Linking Botany, History, and Everything in Between
The project, which is still underway, has made available to the public volumes of data from fourteen of Indiana’s largest and most common plant families. In addition to facilitating access, the digitization has helped to promote awareness of the collection and appreciation of the wide diversity of plant life within the state of Indiana. Because the majority of the collecting was done from the 1920s through the 1940s, the collection serves as an important historical record.
Although the catalog hasn’t been completed yet, the project has already yielded valuable results for a variety of users. Because the information is now searchable, researchers can better use the collection to determine which species were known to grow in each county throughout the years. Local high school students studying environmental science also used the digital collection to study invasive species by tracking the spread of plants in Indiana and observing where and when they were collected, contrasting the information with another collection about rare plants.
The Friesner Herbarium also developed related materials made possible through digital records, including lesson plans for teachers to use in the classroom to study herbaria. Professional botanists conducting research through the herbarium have commented that these are the best images they have seen, and nature photographers use the collection to help identify plants they have photographed. Artists have also used it to source images for their artwork.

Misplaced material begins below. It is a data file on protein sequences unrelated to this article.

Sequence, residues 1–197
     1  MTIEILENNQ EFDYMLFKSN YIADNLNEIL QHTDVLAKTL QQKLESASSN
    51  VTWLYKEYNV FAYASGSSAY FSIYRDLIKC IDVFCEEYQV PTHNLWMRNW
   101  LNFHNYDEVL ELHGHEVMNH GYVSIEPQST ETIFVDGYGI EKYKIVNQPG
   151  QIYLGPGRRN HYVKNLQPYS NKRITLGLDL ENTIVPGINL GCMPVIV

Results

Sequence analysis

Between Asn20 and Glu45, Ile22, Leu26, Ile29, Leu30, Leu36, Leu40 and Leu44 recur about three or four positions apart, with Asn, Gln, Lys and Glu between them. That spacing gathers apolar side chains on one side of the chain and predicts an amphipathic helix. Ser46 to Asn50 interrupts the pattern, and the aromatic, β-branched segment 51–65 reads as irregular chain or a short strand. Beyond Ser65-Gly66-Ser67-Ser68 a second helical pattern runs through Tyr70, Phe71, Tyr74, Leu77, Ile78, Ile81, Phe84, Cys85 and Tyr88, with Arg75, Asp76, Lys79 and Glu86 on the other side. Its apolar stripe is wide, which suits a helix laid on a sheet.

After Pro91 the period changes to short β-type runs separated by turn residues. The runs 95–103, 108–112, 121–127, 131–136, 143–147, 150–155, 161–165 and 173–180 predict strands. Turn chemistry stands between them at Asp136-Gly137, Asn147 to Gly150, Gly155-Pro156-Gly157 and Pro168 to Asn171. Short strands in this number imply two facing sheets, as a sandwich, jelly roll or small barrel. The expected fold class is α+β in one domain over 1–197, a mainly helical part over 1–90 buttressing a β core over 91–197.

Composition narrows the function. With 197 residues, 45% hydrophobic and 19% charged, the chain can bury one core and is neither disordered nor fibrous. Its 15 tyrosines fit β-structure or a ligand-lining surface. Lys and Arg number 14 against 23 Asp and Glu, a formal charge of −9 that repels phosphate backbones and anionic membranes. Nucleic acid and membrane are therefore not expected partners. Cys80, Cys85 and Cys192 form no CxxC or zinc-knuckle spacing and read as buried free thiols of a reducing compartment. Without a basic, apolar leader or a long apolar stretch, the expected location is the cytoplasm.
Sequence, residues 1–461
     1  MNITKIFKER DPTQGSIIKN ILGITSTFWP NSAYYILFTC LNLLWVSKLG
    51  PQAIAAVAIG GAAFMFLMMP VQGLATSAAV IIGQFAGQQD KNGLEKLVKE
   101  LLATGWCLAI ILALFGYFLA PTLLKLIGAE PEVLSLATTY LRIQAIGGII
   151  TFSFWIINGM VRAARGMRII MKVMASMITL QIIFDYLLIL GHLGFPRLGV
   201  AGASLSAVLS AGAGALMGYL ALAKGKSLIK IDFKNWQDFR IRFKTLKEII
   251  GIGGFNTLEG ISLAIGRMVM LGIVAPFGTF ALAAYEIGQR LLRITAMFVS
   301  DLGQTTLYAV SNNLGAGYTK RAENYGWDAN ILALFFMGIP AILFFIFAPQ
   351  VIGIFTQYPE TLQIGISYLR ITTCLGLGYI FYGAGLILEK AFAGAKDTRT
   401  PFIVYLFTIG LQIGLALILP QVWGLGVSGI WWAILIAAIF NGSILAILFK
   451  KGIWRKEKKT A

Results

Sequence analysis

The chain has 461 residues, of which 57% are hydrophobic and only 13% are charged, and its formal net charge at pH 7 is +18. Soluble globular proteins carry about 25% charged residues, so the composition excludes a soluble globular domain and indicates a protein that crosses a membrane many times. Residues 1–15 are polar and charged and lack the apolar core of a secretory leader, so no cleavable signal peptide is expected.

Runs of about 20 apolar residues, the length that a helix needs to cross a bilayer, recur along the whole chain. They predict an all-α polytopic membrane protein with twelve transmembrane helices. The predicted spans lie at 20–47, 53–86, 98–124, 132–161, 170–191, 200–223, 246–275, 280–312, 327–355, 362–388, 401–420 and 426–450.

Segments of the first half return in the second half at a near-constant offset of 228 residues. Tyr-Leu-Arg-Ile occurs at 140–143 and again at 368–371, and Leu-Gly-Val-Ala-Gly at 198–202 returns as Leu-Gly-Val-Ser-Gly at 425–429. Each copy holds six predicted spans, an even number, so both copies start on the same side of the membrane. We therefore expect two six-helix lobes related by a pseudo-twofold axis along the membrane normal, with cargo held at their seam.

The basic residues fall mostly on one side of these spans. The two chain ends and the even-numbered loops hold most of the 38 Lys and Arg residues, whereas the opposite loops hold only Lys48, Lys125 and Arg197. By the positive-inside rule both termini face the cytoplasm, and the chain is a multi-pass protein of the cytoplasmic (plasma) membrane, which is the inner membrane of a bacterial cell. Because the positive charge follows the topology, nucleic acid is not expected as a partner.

The collection is also a part of the Indiana Memory Project, a collaboration of Indiana libraries, museums, archives, and related cultural organizations to enable access to Indiana's unique cultural and historical heritage through a variety of digital formats and free distribution over the Internet.
The Digital Effect
Having the collection digitized allowed the herbarium to improve its curation and discover items that had been previously identified incorrectly in the database. As a separate project using the digital collection, the Friesner Herbarium is also developing an online plant atlas of county-level flora distributions so individuals can study where plants are known to grow in the state through maps and visuals.
Friesner Herbarium staff presented the institution’s process and results for digitizing its collection to peers at the Midwest CONTENTdm Users Group Meeting and the annual meeting of the Botanical Society of America, and local NPR station WFYI aired an interview of Director Rebecca Dolan discussing the project.
Compared to the herbarium’s fewer than a dozen in-person visits per year, traffic to the digital collection has exceeded 7,000 visits a month. Many researchers have commented in surveys that they discovered species that they were previously unaware had ever grown in Indiana. In the long term, the public will be better informed of plants that grow in the state. The herbarium has shown Indiana to be an interesting area floristically. With the digital collection expanding the ways available to mine and analyze the data, there is plenty to continue exploring.